The parliamentary authorities reacted to damaging revelations of cabinet and junior ministers cynically exploiting Commons expenses rules by calling in the police to investigate how the details were leaked and by whom.No such qualms a scant year ago when it was private financial information being bought and traded, pork-belly style:
The involvement of the police, and the prospect of a full-scale criminal inquiry, came as fresh disclosures emerged of expenses claims made by middle-ranking ministers for items as trivial as a razor and a kettle.
One MP implicated in the latest allegations told the Guardian that he believed a mole was still active operating inside parliament and feeding material to the Daily Telegraph. Others said the paper was guilty of trading in stolen property, and could be subject of a swingeing court fine running into millions.
Britain's top taxman warned wealthy tax evaders yesterday that they were running out of places to hide their money after the authorities obtained details of secret accounts held in Liechtenstein.As the petards are hoisting today, those who have nothing to hide sure seem to be living in a bit of fear:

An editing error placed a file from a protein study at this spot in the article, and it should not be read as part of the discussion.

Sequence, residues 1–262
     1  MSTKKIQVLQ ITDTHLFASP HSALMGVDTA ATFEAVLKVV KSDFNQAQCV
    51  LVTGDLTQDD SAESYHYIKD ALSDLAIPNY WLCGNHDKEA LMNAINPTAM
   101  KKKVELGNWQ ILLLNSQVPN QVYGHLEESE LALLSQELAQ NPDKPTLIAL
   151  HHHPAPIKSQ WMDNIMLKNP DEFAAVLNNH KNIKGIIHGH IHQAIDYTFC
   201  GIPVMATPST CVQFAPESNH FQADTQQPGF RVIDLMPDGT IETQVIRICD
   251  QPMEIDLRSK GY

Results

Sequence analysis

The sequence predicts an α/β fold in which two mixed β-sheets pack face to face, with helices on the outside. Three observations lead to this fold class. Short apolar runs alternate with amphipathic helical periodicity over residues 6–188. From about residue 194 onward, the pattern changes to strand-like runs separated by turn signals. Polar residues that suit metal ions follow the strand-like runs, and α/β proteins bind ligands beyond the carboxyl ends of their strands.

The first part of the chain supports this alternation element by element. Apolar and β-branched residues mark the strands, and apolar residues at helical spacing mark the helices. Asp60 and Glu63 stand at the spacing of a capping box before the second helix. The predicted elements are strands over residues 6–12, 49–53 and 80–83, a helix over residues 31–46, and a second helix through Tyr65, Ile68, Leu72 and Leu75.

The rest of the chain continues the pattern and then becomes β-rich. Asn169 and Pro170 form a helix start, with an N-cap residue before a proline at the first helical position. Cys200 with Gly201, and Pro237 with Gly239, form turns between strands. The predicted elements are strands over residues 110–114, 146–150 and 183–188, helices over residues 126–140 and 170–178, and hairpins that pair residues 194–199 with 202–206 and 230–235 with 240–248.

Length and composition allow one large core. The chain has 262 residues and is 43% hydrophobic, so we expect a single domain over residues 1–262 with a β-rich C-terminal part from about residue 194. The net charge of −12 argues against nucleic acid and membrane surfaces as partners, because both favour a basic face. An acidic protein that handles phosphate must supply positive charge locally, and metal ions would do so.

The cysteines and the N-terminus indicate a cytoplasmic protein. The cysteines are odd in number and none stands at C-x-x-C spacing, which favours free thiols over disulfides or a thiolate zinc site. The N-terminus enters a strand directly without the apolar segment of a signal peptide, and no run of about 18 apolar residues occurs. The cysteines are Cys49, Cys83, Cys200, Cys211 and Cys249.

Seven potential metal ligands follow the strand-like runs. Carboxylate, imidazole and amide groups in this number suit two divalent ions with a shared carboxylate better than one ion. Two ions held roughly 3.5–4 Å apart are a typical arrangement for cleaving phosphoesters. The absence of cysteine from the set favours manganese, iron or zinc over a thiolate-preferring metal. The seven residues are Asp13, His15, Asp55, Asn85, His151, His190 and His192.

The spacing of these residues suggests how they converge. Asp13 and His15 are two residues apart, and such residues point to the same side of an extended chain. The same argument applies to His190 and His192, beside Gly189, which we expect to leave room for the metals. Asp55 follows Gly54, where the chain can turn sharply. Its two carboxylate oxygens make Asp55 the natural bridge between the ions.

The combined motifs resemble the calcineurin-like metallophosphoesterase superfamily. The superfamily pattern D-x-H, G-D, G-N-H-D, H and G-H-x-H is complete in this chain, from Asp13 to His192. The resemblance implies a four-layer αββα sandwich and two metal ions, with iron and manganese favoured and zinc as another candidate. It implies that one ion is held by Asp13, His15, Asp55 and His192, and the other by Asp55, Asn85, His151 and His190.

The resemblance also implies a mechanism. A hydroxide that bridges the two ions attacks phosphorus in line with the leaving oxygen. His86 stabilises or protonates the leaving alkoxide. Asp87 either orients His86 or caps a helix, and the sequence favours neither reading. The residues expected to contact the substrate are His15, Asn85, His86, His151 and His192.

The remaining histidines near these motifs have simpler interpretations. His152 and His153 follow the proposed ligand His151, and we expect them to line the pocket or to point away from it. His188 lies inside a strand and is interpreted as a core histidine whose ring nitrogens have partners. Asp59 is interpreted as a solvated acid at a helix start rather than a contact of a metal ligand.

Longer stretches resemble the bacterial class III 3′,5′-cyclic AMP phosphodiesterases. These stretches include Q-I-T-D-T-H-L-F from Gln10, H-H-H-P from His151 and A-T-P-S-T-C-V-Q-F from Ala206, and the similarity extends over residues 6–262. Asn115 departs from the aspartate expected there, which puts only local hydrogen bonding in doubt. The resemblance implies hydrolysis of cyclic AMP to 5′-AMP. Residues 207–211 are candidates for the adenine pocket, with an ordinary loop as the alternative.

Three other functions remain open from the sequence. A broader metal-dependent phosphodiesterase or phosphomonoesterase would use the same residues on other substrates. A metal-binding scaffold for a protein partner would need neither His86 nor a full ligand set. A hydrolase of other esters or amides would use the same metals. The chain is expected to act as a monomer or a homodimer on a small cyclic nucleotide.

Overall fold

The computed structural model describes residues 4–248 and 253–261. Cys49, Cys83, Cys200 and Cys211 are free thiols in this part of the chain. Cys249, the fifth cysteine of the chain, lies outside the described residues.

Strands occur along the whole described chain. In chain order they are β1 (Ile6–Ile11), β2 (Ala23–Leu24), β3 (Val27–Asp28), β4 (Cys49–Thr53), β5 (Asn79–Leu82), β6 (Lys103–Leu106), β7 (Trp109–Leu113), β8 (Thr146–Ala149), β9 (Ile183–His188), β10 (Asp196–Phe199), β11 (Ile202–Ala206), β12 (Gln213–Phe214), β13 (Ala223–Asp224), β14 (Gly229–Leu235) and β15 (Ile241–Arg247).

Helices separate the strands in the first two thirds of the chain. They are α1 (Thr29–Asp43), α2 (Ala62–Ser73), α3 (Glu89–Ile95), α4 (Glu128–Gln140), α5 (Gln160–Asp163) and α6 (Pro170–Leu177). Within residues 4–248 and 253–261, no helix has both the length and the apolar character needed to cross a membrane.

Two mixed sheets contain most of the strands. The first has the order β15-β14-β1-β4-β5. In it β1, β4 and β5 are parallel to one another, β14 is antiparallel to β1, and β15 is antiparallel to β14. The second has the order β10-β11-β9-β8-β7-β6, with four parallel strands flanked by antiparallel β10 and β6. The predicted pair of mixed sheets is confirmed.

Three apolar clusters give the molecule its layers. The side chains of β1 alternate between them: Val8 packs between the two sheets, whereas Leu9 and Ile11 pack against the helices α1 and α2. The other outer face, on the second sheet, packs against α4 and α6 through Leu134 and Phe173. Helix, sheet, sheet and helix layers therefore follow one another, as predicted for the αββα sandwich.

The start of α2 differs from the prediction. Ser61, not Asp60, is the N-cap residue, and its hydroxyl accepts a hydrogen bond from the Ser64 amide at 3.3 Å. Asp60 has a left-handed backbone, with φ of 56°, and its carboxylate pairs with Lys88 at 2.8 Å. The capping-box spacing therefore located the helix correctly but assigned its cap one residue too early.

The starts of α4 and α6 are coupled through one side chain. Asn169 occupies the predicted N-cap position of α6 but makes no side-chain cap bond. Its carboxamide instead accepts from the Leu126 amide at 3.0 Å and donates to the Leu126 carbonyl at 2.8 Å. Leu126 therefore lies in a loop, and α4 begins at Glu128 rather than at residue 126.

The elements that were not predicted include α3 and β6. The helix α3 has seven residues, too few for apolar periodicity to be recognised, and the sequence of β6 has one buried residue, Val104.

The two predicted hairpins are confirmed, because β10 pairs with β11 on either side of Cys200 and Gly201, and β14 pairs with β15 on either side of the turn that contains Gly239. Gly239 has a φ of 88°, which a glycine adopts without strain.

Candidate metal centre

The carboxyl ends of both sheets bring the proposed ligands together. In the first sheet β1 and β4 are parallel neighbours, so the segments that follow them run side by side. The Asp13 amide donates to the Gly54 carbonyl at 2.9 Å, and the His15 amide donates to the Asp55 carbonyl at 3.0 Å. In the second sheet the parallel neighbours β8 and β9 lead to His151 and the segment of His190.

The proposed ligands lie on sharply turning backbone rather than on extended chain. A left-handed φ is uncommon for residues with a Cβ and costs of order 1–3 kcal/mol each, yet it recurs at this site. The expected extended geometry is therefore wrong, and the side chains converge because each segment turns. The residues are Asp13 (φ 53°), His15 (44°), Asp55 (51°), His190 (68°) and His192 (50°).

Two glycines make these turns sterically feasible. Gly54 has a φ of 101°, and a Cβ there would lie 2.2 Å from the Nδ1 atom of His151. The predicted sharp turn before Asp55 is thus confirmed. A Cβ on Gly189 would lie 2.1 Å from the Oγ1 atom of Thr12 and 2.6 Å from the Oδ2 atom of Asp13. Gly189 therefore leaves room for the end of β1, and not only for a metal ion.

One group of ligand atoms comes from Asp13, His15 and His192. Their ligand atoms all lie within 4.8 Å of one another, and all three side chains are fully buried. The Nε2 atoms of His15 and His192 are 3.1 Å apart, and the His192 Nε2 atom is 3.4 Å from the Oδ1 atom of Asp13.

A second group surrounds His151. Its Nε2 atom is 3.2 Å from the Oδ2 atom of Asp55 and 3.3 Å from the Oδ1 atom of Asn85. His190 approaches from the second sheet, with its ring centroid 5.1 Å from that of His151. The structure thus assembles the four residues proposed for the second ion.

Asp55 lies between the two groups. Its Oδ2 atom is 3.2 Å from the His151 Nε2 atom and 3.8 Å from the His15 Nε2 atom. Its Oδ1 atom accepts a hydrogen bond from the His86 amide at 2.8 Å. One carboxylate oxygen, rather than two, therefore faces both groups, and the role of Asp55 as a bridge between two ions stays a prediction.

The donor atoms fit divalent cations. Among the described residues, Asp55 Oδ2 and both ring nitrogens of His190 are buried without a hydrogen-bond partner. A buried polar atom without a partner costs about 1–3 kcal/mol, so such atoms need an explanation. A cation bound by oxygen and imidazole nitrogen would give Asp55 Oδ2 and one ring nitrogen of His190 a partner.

Revenue & Customs said it was targeting up to 30,000 individuals, who together owe more than £100m in back taxes, as its pursuit of wealthy foreigners registered as non-domiciles in the UK gathers momentum. These include a substantial number of Russians, the Guardian has learned, who may now be trying to shift their accounts to other tax havens.
"It should now be clear to everyone that there is no safe hiding place for the proceeds of tax evasion," Dave Hartnett, acting chairman of Revenue & Customs (HMRC), said a day after his agency admitted paying up to £100,000 to an informant for secret details of the bank accounts in the Alpine principality.
The fees office set up a weekend hotline to advise panic-stricken MPs who are worried about how their claims covering the five years back to 2004 will look to their constituents.As always, the hypocrite brigade remains silent on the issue, still.